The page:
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In the heart of the Loire Valley, ten minutes from the fortress city of Chinon and the Royal Abbey of Fontevraud, located in a tranquil valley with spectacular views, this renovated, 18th Century stone barn is new to the rental market as of April, 2011. Many of the grand Chateaux of the Loire Valley: Villandry, Chenonceau, Usse, Azay-le-Rideau and Saumur are easy half-day trips. For cycling enthusiasts, we are less than a kilometre from the main bike route through the Loire Valley; and for food and wine enthusiasts, the Loire Valley, is known as the 'garden' of France. We are surrounded by the vineyards of Chinon, Bourgueil and Saumur which produce some of France's finest wines and best values. From its famous chèvre, the mushrooms of the troglodyte caves of Saumur, to the white asparagus grown in sandy Loire soil, the region offers a rich bounty. Your hosts, former restaurant owners from San Francisco, are available to cater meals and conduct local food and wine tours.
Chinon Château: The mount of Chinon was first fortified as a stronghold by Theobald I, Count of Blois in the year 954. In the 12th century Chinon was then independent of the kingdom of France, and was a primary residence of Henry II Plantagenet, Angevin King and King of England. King Henry died in Chinon Castle after being defeated by his sons Richard and John in a rebellion aided by Phillip Augustus of France; he, his wife Eleanor of Aquitaine, and their son King Richard the Lionheart were all buried at nearby Fontevraud Abbey. Later, the château was a residence of Charles VII, the Dauphin of France in the early 15th century, when Joan of Arc arrived at the castle, at the beginning of her quest to liberate France from the English on March 8, 1429; it was here that she recognized the disguised Dauphin from amongst his courtiers, a feat which helped to persuade him to accede to her urging to declare himself king and raise an army to liberate France. A visit here is a must for any history buff.
Royal Abbey of Fontevraud: The Abbey was founded in 1100 by Robert of Arbrissel, who had just created a new order, the Order of Fontevrault. The first permanent structures were built between 1110 and 1119. The abbey was a double monastery, with both monks and nuns on the same site. An international success, the order established several 'Fontevrist' abbeys set up in England. Robert of Arbrissel declared that the leader of the order should always be a woman and appointed Petronille de Chemillé as the first abbess. She was succeeded by Matilda of Anjou, the aunt of Henry II of England. This was the start of a position that attracted many rich and noble abbesses over the years, including members of the French Bourbon royal family. In the early years the Plantagenets were great benefactors of the abbey and while Isabella d'Anjou was abbess, Henry II's widow Eleanor of Aquitaine became a nun there. During the French Revolution, the order was dissolved. The restoration of the abbey church was finished in 2006.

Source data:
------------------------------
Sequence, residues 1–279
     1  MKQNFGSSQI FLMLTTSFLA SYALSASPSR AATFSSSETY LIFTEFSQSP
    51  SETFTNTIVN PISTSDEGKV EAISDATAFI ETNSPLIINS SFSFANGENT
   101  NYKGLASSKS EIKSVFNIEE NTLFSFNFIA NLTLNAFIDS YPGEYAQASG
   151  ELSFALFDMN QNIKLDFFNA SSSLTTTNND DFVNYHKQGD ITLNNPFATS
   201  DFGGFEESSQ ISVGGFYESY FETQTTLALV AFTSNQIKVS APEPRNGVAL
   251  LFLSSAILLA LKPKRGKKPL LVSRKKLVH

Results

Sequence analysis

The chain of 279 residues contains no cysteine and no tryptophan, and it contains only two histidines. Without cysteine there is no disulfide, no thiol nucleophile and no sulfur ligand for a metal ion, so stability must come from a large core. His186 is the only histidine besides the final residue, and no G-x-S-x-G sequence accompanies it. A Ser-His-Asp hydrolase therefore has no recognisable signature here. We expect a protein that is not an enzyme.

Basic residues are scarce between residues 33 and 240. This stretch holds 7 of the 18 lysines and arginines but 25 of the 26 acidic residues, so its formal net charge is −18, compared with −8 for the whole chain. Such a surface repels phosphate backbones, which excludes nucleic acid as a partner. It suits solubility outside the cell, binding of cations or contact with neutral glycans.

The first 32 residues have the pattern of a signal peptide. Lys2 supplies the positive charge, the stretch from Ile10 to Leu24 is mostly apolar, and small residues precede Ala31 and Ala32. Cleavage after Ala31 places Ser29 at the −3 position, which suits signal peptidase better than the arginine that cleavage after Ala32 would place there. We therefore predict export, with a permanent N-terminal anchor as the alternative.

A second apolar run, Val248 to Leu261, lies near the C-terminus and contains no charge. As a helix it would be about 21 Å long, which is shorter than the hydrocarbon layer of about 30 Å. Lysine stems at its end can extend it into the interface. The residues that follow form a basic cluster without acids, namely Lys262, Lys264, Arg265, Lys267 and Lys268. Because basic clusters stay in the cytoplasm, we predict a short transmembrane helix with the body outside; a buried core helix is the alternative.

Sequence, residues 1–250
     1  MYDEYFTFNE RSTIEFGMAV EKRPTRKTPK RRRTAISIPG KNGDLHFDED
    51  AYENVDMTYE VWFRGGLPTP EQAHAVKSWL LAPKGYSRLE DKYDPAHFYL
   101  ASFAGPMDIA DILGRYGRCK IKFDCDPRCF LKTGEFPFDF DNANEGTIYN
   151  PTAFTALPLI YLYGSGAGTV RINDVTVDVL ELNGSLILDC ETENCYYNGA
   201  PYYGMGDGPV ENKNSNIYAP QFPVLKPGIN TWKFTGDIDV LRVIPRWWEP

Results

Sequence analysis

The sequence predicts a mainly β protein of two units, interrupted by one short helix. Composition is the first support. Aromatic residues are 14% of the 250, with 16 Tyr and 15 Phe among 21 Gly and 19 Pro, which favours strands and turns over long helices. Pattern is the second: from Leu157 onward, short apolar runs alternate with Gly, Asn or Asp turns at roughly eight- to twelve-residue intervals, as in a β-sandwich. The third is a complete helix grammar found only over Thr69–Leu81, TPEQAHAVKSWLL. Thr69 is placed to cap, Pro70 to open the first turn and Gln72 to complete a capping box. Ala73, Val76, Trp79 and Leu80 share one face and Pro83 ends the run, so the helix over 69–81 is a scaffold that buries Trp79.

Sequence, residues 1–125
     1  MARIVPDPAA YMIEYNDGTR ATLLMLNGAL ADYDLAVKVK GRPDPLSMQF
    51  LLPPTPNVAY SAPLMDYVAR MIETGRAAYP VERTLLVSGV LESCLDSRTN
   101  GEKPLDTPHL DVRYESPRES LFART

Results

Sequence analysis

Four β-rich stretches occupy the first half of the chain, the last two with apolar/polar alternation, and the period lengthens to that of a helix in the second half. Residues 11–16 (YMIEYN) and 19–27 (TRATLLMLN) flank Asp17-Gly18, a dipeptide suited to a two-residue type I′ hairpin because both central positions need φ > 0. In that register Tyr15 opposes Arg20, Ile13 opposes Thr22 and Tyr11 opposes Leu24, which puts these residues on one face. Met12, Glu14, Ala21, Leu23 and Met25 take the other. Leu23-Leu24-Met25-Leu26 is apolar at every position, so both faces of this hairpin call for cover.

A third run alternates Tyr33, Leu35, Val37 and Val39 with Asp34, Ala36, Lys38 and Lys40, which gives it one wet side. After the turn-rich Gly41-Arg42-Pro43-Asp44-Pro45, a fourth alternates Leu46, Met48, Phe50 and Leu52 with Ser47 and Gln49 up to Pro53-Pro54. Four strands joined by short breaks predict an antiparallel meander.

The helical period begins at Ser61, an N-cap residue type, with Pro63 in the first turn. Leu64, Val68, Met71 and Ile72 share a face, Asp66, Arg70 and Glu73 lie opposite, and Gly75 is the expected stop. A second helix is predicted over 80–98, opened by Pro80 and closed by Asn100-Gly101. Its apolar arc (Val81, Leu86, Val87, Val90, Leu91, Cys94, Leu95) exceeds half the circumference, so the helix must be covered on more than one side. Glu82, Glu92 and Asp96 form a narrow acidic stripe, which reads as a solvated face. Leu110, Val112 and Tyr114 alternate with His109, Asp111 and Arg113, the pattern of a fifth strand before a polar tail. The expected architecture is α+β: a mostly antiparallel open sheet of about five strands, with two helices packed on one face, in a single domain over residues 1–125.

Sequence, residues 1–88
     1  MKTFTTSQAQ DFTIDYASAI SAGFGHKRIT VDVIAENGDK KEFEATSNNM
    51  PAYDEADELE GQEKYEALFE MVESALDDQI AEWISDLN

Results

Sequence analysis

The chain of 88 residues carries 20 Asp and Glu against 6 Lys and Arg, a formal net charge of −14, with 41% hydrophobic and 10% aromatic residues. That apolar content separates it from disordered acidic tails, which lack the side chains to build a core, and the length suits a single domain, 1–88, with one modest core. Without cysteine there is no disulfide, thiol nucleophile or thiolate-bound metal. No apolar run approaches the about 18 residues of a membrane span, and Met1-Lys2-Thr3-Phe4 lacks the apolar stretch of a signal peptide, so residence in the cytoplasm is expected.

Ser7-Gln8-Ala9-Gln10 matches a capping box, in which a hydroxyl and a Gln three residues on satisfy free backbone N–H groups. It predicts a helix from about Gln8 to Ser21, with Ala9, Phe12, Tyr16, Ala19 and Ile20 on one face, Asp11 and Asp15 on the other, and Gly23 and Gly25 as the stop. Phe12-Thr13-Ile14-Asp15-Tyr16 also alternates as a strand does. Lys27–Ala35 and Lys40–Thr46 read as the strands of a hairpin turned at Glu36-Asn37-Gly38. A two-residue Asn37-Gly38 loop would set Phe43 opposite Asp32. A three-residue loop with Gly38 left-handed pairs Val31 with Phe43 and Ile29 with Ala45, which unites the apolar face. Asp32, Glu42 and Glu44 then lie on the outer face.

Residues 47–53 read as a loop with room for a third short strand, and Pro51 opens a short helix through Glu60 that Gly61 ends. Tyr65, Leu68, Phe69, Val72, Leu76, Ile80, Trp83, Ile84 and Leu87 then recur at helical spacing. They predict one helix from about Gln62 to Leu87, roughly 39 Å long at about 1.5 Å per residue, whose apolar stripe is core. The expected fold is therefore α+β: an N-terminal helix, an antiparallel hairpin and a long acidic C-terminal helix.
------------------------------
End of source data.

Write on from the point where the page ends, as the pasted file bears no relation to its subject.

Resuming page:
Wines of Chinon: The red and rosé wines of Chinon are made from the Cabernet Franc grape, and are typically dry and light to medium bodied and go well with food. In good vintages the red wines can be cellared for 10 years or more. Cabernet Franc grown on the stony terraces of the area tends to be a young wine with dominant notes of blackcurrant and anise. Though typically thought of as lighter wines, reds from good producers and strong vintages can be full bodied and well structured for aging. Their white wines, though lesser known, are quite good and are made from Chenin Blanc. Two of the more noteworthy vintners of Chinon, and well worth a visit, are Bernard Baudry and Charles Jouguet. Wine tours are available through your hosts.
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The Loire Valley, also known as the 'Garden of France” has been blessed by temperate weather and good soil. Here, France’s royalty built a thousand chateaux, some of the world's finest, and a short distance from Paris.
In 2000, UNESCO added the central part of the Loire River valley to its list of World Heritage Sites. In choosing this area that includes the French départements of Loiret, Loir-et-Cher, Indre-et-Loire, and Maine-et-Loire, the committee said that the Loire Valley is: 'an exceptional cultural landscape, of great beauty, comprised of historic cities and villages, great architectural monuments - the Châteaux - and lands that have been cultivated and shaped by centuries of interaction between local populations and their physical environment, in particular the Loire itself.'
A visitor to the Loire Valley will find a region of France still mostly unspoiled by over-population or current fad. Fortunately, Peter Mayle wrote 'A Year in Provence' not 'A Year in the Loire.'
Other Activities: winery tours, chateau visits
Speaks: english, french
Primary:+33 (0)6 59 86 48 06Call France Daytime hours, 8am to 7pm